In his chapter on Daniel Defoe in The English Novel, literary critic Terry Eagleton writes brilliantly about the anxieties and assurances of the Protestant work ethic in Robinson Crusoe:
Nature is no longer an open book, but an obscure text to be deciphered with difficulty. The Protestant gropes anxiously in darkness for ambiguous signs of his or her salvation. Yet the whole point of a secularized universe would seem to be its contingency – the fact that nothing in it is actually ‘meant.’ An author like Henry Fielding uses the formal design of the novel itself to imply a pattern in events; but the result, as we have seen, is an ironic gap between the events and the pattern. All one now seems to be left with is secular experience – whatever one can taste, feel, and weigh; yet it is in this unpromising domain that one must search for symptoms of salvation.
You must look for the divine in the very sphere which seems to deny it, since this is all you really have. In the literary realm, this poring over material fragments and psychological nuances, scanning them for their concealed significance, is known as realism. In the non-literary realm, it is known as Protestantism. Is the world a matter of accident or design? Or is God somehow present in the very contingencies of his universe? Could it be, paradoxically, that the more worldly one becomes – the more one accumulates wealth, climbs the social hierarchy and gains the respect of one’s fellows – the more all this can itself be seen as a sign of God’s favor?
This, in a word, is the famous Protestant work ethic; and like much about middle-class society it is anxious and self-assured at the same time. There is anxiety because you can never be quite certain of your salvation, given the obscurity of the divine plain. Signs, in this world as in some modernist literary text, are always bound to be ambiguous. This is one reason why you never stop working, since even if you have no assurance of salvation right now, you future labors might always issue in one. Tropical islands are generally associated with indolence, but not in Crusoe’s case. He is forever improving and extending his labors (‘I really wanted to build my barns bigger’) – so much so, indeed, that the obvious question poses itself: ‘What for?’ Crusoe is not a capitalist – it is an odd kind of capitalist who has no wage-laborers, markets, commodities, competitors or division of labor; but though he has no competitors, he behaves as though he does. Who would have thought that a fable of one man alone on an island could be so action-packed?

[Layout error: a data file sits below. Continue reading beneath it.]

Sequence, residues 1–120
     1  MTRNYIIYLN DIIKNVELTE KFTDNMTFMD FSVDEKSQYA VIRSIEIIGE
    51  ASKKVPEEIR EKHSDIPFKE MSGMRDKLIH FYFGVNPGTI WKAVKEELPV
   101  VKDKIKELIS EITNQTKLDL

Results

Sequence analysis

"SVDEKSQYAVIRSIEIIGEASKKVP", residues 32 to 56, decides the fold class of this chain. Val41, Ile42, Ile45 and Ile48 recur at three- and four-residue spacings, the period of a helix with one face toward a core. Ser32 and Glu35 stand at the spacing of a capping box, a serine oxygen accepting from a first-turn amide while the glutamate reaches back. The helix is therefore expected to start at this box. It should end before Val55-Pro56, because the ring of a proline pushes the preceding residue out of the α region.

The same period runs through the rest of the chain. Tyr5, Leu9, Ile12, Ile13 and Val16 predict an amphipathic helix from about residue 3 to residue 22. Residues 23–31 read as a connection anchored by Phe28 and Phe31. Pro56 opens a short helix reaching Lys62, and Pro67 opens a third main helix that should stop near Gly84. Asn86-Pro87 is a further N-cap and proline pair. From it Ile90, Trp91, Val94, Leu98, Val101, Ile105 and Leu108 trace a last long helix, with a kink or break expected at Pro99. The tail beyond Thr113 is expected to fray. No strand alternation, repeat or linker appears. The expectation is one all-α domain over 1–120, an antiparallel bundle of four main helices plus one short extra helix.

What all this unwittingly goes to show is just how futile and irrational the whole process of labor is, however rational it may be in its local details. Crusoe works a lot of the time for the sake of working, as capitalists accumulate for the sake of accumulation. Success in work may be a sign of salvation, but it is also a welcome distraction from the whole vexed business of heaven and hell. It saves him from having to think about his salvation. This compulsively laboring hero is like a man en route to execution who pauses to fasten his shoelaces and meticulously check the knots. Defoe’s protagonists concentrate on the means of life rather than inquiring about its end. In fact, as in capitalist society in general, the means of life rapidly become the end. This is partly because there are now no ‘natural’ ends to life, just as there are none to narrative.